Texas poll: Blacks and Hispanics in Texas more likely than Whites to say non-medical factors like quality of housing and education level are essential to their health
Blacks and Hispanics in Texas are more likely than Whites to say that non-medical factors such as where you live, your level of education, and your immigration status are critical to your overall health. Higher percentages of Blacks and Hispanics also say that state government should address economic and living conditions as public health priorities. Those are just some of the results of Episcopal Health Foundation’s first-of-its-kind statewide survey on social determinants of health and race in Texas.
EHF’s survey found that Texans across racial backgrounds agree that many non-medical factors like good air quality and clean water, community safety, and amount of stress are vital to a person’s health. But researchers discovered a larger racial divide when it comes to other social determinants of health. The poll finds that 79% of Black and Hispanic adults in Texas say that the quality of a person’s housing is essential or very important to their health, compared to 62% of White adults who say the same.
In addition, a significantly larger share of Black and Hispanic Texans (79%) think there’s a strong relationship between a person’s level of education and their health, compared to 55% of White Texans. Similar racial differences appear when it comes to a person’s immigration or legal residency status. Nearly two-thirds of Blacks and Hispanics (65%) say immigration status is a critical component to a person’s health, compared to less than half of Whites in Texas (43%).
The survey also found not only do more Blacks and Hispanics in Texas say they experienced racism compared to Whites, one in five Black and Hispanic Texans (20%) say that racial discrimination had a harmful effect on their health.
“COVID-19 is just the latest example of why Blacks and Hispanics are more likely to appreciate the impact that underlying, non-medical conditions have on their health,” said Elena Marks, EHF’s president and CEO. “Coronavirus is shining a light on how social and economic conditions are conspiring against the health of Blacks and Hispanics in Texas. These groups are seeing more deaths and serious complications from the virus because they’re more likely to already suffer chronic conditions related to where they live that make them more susceptible.”
Role of state government, health insurance in addressing non-medical factors
The survey also found that Blacks and Hispanics feel more strongly that state government should address many non-medical factors that impact Texans’ health. Almost three-quarters of Blacks and Hispanics (74%) say that improving the economy and availability of jobs should be a top health priority, compared with less than half of Whites (47%). Blacks and Hispanics are also significantly more likely than Whites to say improving public schools, decreasing pollution, lowering neighborhood crime, and reducing racial discrimination should be top public health priorities.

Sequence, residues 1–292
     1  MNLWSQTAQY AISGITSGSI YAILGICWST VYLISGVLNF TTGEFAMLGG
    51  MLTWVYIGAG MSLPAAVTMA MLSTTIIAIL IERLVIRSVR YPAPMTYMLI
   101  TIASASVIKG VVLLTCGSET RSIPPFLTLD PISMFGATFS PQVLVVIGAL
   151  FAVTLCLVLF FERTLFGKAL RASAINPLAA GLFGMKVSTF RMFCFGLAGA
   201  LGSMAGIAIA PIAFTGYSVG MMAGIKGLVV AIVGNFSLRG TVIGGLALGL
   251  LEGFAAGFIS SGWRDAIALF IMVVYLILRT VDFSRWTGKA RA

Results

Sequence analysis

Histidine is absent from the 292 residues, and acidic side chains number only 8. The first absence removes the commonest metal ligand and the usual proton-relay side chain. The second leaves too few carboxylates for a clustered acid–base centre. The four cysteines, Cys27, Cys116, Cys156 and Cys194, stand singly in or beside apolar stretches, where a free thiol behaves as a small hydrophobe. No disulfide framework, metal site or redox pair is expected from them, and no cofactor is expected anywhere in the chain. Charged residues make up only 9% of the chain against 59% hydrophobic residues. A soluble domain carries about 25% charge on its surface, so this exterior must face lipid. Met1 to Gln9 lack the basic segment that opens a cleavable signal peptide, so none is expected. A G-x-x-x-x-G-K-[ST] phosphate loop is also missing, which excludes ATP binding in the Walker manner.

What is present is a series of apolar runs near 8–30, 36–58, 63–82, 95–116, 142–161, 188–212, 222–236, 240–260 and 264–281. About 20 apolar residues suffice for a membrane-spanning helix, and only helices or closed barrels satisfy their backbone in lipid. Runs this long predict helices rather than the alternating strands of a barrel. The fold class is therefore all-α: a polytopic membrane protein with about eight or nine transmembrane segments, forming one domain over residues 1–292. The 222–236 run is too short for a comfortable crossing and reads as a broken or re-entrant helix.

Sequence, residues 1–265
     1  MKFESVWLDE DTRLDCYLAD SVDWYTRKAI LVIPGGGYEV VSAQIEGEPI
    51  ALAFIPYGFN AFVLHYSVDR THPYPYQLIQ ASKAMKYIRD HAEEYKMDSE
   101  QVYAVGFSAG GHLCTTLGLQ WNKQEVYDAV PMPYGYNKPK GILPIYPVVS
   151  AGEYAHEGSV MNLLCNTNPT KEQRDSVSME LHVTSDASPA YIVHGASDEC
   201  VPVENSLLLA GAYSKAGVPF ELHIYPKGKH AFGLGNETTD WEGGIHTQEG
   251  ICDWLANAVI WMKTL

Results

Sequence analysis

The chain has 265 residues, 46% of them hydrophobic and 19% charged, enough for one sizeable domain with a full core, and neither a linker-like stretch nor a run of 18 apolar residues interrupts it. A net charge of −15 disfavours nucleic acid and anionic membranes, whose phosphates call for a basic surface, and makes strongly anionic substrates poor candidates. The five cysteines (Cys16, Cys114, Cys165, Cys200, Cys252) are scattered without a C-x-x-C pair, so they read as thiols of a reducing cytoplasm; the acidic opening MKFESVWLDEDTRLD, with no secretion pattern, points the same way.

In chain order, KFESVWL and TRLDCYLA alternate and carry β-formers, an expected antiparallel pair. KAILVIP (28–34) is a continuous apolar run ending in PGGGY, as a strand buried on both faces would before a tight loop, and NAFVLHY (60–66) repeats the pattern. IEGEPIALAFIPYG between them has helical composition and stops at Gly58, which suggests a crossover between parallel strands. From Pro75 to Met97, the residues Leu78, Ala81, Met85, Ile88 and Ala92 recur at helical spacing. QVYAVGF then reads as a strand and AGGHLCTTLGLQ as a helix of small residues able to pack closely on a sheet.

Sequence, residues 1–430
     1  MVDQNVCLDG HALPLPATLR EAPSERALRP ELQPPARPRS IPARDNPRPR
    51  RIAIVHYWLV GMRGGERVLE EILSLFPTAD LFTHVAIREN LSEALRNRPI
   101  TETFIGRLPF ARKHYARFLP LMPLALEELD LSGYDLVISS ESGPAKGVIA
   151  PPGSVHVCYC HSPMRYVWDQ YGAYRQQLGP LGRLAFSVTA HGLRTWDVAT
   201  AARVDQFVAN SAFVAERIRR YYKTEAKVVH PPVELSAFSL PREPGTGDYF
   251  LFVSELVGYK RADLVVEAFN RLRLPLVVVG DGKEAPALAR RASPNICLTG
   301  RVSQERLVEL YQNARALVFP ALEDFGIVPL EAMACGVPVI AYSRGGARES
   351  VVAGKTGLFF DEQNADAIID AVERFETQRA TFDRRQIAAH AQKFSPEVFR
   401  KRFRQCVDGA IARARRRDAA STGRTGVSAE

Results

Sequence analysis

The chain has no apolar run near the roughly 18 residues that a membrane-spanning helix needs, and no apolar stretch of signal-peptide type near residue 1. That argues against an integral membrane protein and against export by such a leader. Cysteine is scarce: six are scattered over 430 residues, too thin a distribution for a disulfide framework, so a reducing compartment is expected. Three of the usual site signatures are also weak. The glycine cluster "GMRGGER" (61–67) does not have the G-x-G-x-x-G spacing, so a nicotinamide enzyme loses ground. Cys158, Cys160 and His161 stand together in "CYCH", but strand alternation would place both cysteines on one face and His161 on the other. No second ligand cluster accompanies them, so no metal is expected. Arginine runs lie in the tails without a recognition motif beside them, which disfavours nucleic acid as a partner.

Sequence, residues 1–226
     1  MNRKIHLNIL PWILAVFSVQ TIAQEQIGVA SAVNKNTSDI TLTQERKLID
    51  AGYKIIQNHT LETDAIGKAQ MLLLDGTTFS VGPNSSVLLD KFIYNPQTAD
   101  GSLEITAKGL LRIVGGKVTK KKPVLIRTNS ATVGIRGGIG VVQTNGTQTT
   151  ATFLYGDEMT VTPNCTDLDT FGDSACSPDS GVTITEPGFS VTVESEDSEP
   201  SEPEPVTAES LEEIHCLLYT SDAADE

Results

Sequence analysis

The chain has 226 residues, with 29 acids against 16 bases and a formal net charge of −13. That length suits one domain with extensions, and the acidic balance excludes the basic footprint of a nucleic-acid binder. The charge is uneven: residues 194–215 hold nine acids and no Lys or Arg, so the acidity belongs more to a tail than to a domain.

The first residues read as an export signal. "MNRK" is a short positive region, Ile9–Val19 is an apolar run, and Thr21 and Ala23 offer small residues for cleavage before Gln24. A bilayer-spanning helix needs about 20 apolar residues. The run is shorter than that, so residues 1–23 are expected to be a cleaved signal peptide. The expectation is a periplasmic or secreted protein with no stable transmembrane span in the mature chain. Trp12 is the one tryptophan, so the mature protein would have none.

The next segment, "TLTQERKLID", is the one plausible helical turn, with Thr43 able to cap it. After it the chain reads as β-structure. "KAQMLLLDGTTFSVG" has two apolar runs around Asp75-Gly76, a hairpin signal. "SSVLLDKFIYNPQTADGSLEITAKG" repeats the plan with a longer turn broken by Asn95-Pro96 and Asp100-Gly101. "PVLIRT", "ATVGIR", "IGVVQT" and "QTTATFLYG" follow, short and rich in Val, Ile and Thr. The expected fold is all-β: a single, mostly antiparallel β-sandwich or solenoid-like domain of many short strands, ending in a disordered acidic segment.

They survey also found that seven in 10 Blacks (73%) and Hispanics (71%) say that people would be healthier if the state spent more money on these non-medical factors, compared to 61% of Whites. Blacks (61%) and Hispanics (59%) were also more likely than Whites (39%) to say that the legislature should use a portion of the money the state already spends on health care to address non-medical factors.
“Texans are telling us what they want and need, and it goes beyond just being able to see a doctor or go to a hospital,” Marks said. “It’s about finally addressing all those things outside the doctor’s office that impact their health. If we really want to improve the health of Texans, then we should listen to them.”
In addition to increased state spending on social determinants of health, seven in 10 Black (73%) and Hispanic (70%) Texans think health insurance companies should help cover non-medical factors that affect health, compared to less than half (46%) of White Texans. In contrast, Whites (51%) say insurance companies should not provide coverage for social factors, nearly twice as many as Blacks (27%) or Hispanics (28%).
This report was released as EHF continues to celebrate five years of actively working to improve health, not just health care in Texas. These findings are the third in a series of reports drawing on EHF’s survey of Texans’ views of social determinants of health. The first report showed that a majority of Texans say that good medical care alone isn’t enough for them to live healthy lives. EHF’s second report looked at how Texans say state government, health insurance plans, and other parts of the health system should address non-medical factors that impact health in Texas.
- To schedule an interview, contact Brian Sasser, EHF’s chief communications officer, at email@example.com or 832-795-9404 cell.
SSRS, an independent research company from Glen Mills, PA, conducted the Texans’ Views on Social Determinants of Health Survey on behalf of Episcopal Health Foundation by telephone from October 10 – November 19, 2019 among a random representative sample of 1,200 adults age 18 and older living in the state of Texas. Sampling, data collection, weighting and tabulation were managed by SSRS in close collaboration with Episcopal Health Foundation researchers. The margin of sampling error for this study is plus or minus 4 percentage points for results based on the total sample. For results based on subgroups, the margin of sampling error may be higher.